[00:12:56] Would've stopped this. I'm not, I'm not buying that as a solution, giving that child that 18 year old, maybe not access to a assault rifle. Would be maybe where I start followed by again, pointing toward being very careful when someone's consuming certain types of content in an extreme environment. And also this individual was given access to body armor.

[00:13:26] And so the whole narrative of good guy with a gun didn't matter because this person was actually shot at. And it didn't matter because we have turned extremists into super soldiers with over the counter shit. You can get it well, So I, I'm sorry, I'm not buying if only Twitch took it down and got Dan two minutes, I'm not, I'm not buying that sale.

[00:13:45] That's fair. That's a fair, that's a fair argument. I agree with you the much more. Proactive way of dealing with this is a gun laws in New York actually has this red flag gun law that should have prevented the shooter from accessing this firearm. And for whatever reason,

[00:14:02] Yeah, I haven't seen the full near, I mean, just, I haven't seen the full narrative, but you know, there's more, there's more guns and people in this country. So I don't know.

[00:14:10] I agree. Our thoughts are with the families and everyone affected by, by this fine. Our next story comes from news.art net.com. And this is about the Guggenheim museum, which has long resisted calls to drop the Sackler name, the Sackler family, being the family owners of the Purdue pharma corporation has finally quietly removed the Sackler name from. From the building, the Guggenheim has come under lots of criticism and there's been sit in protests at the museum and attempt to bring to light how this family's money is, is as you know.

[00:14:53] highlighted throughout this museum as a donor.

[00:14:56] And yeah, George authored this to you. I think I have. Complicated FOBTs here and being a new Yorker, we're both new Yorkers. You walk through any museum, the Guggenheim, the met every exhibit is a who's who of corporate power in America, half the ma is named after the Koch brothers. You know? So it's yeah, I wonder what your take is on this.

[00:15:21] It's kind of dovetails a bit also with when we were talking about how. Russian oligarchs were giving in the west to legitimize and cause wash disreputable actions and reputation, and to build themselves up, the nonprofit industry does offer this sort of pathway to respectability at a price. And the question is.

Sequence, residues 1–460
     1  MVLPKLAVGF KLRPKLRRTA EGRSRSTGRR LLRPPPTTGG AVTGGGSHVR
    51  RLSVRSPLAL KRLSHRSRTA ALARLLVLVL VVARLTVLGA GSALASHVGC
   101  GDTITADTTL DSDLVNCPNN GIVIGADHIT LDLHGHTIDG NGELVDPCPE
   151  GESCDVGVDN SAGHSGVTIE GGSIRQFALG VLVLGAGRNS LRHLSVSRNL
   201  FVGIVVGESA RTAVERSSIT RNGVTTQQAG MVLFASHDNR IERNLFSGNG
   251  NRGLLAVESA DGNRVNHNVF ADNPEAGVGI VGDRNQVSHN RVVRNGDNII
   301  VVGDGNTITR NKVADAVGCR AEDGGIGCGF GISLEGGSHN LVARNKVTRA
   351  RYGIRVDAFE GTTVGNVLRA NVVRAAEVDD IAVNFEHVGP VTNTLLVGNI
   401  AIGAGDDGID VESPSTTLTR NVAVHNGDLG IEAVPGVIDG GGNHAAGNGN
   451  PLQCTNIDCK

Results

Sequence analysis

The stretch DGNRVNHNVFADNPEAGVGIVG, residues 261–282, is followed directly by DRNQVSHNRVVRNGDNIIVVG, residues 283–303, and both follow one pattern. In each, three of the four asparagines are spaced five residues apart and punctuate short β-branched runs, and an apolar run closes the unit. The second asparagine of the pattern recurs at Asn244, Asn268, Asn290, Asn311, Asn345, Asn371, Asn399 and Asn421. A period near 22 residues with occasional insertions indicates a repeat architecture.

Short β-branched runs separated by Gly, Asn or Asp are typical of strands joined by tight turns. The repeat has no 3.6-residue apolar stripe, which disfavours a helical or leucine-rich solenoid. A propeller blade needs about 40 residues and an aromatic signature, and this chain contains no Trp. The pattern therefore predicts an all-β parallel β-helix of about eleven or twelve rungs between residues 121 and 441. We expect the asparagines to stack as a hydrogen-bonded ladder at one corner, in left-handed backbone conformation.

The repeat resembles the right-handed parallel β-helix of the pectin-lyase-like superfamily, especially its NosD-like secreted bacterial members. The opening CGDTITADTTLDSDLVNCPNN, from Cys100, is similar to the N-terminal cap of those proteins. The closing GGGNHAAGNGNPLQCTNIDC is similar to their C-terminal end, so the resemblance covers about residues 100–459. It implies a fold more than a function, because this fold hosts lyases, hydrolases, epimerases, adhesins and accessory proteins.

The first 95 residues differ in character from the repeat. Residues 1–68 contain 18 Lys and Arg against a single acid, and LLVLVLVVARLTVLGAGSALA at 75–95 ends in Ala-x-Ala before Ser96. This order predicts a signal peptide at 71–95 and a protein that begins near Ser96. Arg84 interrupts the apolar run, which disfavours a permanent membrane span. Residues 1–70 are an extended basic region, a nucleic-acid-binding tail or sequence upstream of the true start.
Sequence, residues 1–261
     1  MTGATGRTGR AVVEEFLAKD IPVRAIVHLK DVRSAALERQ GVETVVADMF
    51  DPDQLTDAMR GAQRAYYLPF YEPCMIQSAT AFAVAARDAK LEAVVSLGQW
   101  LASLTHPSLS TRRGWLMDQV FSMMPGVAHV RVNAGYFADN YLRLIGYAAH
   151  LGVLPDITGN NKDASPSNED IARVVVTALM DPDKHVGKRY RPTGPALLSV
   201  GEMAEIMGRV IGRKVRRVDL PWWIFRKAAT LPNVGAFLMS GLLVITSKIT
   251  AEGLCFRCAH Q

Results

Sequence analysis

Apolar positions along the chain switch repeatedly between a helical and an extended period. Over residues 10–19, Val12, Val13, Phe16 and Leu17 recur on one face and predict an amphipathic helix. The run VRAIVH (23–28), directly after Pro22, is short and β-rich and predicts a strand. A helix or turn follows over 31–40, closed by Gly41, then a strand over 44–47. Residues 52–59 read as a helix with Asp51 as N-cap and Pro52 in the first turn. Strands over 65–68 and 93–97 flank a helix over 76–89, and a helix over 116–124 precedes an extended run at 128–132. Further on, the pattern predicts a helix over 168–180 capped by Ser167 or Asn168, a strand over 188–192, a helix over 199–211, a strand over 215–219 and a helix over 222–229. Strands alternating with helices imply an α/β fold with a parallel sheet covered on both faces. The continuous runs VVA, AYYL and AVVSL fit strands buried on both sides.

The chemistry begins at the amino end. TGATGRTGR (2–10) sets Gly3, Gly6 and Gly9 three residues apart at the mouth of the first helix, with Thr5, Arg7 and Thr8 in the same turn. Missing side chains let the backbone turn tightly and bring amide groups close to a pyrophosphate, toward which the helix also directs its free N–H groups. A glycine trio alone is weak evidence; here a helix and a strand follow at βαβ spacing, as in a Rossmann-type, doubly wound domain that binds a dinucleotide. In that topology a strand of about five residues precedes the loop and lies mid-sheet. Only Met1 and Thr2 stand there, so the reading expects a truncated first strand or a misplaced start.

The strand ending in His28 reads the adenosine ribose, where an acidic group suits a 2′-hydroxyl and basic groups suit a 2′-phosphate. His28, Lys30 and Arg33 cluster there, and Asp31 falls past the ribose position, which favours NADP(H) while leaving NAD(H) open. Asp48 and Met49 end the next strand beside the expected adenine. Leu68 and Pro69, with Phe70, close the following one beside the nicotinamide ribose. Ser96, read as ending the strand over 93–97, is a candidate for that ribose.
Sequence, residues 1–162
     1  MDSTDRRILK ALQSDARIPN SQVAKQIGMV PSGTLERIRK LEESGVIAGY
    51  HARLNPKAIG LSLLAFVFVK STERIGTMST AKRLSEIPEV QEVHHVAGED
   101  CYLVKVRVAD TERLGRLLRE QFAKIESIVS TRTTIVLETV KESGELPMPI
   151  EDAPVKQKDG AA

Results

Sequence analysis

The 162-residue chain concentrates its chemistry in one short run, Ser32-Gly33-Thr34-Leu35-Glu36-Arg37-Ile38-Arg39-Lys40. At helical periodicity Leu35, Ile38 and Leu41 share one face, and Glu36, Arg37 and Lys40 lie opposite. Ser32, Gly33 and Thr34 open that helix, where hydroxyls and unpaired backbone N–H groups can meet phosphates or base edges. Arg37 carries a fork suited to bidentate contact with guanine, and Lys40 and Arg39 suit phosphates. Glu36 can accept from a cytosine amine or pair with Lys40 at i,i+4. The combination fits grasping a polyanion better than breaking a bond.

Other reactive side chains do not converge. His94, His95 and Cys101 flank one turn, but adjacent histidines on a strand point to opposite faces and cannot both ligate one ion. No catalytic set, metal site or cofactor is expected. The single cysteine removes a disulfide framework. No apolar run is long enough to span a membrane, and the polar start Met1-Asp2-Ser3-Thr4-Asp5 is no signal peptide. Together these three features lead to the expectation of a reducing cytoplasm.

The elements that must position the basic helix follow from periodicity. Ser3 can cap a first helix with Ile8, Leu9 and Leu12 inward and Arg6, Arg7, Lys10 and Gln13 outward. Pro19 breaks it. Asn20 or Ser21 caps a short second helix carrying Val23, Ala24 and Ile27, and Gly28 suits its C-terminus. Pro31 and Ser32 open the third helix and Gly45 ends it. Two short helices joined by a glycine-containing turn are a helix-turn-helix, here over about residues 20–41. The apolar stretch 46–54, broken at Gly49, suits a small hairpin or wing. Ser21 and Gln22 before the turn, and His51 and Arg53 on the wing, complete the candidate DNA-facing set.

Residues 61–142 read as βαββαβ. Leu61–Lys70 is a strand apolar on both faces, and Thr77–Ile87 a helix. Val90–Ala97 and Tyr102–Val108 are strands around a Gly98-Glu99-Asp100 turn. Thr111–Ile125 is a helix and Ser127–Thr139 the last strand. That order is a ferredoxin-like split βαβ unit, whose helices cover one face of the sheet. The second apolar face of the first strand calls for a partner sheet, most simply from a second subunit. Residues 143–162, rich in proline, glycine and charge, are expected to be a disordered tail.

[00:15:48] Is it appropriately priced? Should that be for sale? I think this is a big move because clearly the Sackler name like has donated quite a bit to, to the arts and the arts are incredibly important, but maybe not as important as the fact that what they have done to. Drug addiction. And this country is probably unparalleled from other companies in terms of it's devastation.

[00:16:20] And , maybe you don't give them the social acceptance pass, but hopefully this is something that reverberates out there that it's also hard. If you're an art, I try to put on the other side of it, like there's somebody on the fundraising team of a struggling museum trying to preserve.

[00:16:37] You know, history and legacy of fill in the blank type of art that already struggles. And to say like, oh, you're not allowed to take, you know, money from somebody who that happened to make it from oil from this. So like, you know, where do you draw the line? I mean, I draw the line there, the Sacklers, but you know, it is, it makes, it makes for an interesting conversation, I think in philanthropic communities and maybe even.

[00:17:02] Just to bring it back to a listener right now you might want to have with, you know, your board and your supporters being like, you know, who would we not take money from if we did Y what would we do? You know, I think there's a lot of folks that take it and be like, oh, you can make a donation, but sorry, we can't name you.